Seton High School hosted two empowering three-day leadership workshops this summer for current students. Activities were focused on the following learning outcomes: self-awareness, self-management, social awareness, relationships, communication techniques, collaboration techniques, goal setting and planning, and problem solving and decision making.
The workshop also included guest speakers as well as alumnae, staff members and friends who participated in a networking session and professional etiquette dinner.
“Every student has the potential to be a leader,” said junior Daniella Lucas. “Understanding our strengths as well as acknowledging the strengths of others is one of the many ways that we can grow to be effective leaders. This workshop broke down so many important skills that we could learn about, understand and build upon. I look forward to applying what I learned in this workshop throughout my time at Seton and in the future.”
Among the many discussions and breakouts during the workshop was an etiquette dinner. “Having the chance to network with members of the Seton community while learning proper etiquette at a dinner provided me with knowledge that I know I will need in future career opportunities,” said senior Tricia McHale.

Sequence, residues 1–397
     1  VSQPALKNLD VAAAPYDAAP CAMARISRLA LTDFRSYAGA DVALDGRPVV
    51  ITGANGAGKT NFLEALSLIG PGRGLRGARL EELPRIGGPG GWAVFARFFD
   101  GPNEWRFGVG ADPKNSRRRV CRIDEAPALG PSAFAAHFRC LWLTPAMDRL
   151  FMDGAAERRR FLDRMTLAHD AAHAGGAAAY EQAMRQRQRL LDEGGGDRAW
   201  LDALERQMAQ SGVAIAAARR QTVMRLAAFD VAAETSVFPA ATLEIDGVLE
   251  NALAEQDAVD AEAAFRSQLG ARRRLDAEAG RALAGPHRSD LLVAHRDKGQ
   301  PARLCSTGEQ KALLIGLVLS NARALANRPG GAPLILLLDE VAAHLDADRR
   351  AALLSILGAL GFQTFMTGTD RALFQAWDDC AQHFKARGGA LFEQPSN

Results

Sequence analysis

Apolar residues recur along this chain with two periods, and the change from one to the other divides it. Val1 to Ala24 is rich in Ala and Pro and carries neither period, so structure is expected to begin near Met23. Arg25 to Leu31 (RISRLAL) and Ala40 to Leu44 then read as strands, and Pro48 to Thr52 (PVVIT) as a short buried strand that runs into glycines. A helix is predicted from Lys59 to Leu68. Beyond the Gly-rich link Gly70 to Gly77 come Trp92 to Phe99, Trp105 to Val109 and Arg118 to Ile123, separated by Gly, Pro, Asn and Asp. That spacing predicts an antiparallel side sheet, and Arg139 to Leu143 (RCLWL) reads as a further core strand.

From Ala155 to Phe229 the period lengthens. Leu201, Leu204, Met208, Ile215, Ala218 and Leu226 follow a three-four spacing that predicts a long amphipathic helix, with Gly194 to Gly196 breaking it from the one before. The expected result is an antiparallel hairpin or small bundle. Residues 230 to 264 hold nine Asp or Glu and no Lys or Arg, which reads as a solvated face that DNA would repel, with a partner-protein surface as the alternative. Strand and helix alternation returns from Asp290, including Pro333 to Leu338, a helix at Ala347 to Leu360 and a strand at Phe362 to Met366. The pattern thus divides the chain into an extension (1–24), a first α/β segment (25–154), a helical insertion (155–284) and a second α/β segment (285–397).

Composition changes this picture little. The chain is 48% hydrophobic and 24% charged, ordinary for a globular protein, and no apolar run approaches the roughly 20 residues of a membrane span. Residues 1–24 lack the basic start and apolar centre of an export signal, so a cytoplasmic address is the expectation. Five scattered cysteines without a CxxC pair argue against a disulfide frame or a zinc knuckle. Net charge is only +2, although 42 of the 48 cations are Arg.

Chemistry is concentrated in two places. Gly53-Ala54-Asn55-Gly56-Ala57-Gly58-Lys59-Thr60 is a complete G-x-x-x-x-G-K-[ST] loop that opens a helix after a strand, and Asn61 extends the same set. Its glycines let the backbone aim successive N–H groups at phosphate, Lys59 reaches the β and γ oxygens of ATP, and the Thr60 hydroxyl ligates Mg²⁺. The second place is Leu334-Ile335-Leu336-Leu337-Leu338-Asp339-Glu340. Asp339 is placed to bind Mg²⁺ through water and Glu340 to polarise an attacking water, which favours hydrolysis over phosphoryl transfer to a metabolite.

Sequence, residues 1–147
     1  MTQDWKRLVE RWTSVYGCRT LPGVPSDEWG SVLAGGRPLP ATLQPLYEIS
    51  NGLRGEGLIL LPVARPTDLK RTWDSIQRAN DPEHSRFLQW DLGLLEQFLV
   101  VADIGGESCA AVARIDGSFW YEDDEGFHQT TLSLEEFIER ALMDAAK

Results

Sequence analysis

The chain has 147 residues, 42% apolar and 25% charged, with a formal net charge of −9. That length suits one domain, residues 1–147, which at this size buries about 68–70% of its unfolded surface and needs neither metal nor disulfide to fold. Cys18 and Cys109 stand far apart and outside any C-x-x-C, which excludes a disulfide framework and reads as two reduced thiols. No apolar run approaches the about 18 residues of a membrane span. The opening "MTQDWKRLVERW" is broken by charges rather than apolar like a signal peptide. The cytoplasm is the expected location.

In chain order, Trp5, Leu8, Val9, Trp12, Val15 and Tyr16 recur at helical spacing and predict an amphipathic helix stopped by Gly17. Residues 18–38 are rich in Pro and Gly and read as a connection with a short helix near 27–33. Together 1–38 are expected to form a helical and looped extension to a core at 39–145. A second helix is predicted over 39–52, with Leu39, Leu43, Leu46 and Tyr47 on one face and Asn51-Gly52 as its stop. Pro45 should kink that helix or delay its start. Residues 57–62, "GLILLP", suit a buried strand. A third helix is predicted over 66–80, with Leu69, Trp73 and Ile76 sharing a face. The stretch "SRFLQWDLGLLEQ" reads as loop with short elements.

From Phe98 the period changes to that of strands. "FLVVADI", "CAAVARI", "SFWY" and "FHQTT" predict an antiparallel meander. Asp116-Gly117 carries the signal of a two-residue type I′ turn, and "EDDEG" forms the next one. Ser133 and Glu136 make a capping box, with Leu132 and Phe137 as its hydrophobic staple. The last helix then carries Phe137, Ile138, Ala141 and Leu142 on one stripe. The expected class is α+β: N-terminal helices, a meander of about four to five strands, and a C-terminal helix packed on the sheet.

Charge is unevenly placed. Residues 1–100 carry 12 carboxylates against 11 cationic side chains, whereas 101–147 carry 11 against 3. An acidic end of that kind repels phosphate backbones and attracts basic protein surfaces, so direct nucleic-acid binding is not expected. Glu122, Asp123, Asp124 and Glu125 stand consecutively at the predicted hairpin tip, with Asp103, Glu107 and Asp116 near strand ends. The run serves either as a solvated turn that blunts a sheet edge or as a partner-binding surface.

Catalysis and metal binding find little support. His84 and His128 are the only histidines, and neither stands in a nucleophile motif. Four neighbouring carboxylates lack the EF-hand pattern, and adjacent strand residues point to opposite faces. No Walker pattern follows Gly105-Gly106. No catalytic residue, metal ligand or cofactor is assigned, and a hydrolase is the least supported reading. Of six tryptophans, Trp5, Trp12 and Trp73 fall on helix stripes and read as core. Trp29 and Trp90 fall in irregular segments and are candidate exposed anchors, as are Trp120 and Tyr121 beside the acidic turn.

Some of the speakers included current Seton teachers. “I listened to some of my own teachers as they gave talks on various skills necessary to excel in leading, like creating a positive online presence and resolving conflicts,” explained McHale, who added that her favorite part of the workshop was meeting with her Seton House members. “Seton’s House Government system can be complex and there are so many positive opportunities to make the most of it. The system emphasizes the relationships among all grades and there is so much to learn from one another.”
The workshop was planned by Seton’s Director of Student Retention, Marianne Ridiman, and Seton’s Director of Student Life, Mary Agricola. Plans for leadership workshops for next summer are already in the works.
“There are so many ways students can be leaders at Seton, including both quiet leaders and those who are comfortable in front of a crowd,” said Agricola. “Our goal is that these students learn to recognize their strengths and how they can grow and apply them in school, on a team, in a club and throughout life.”
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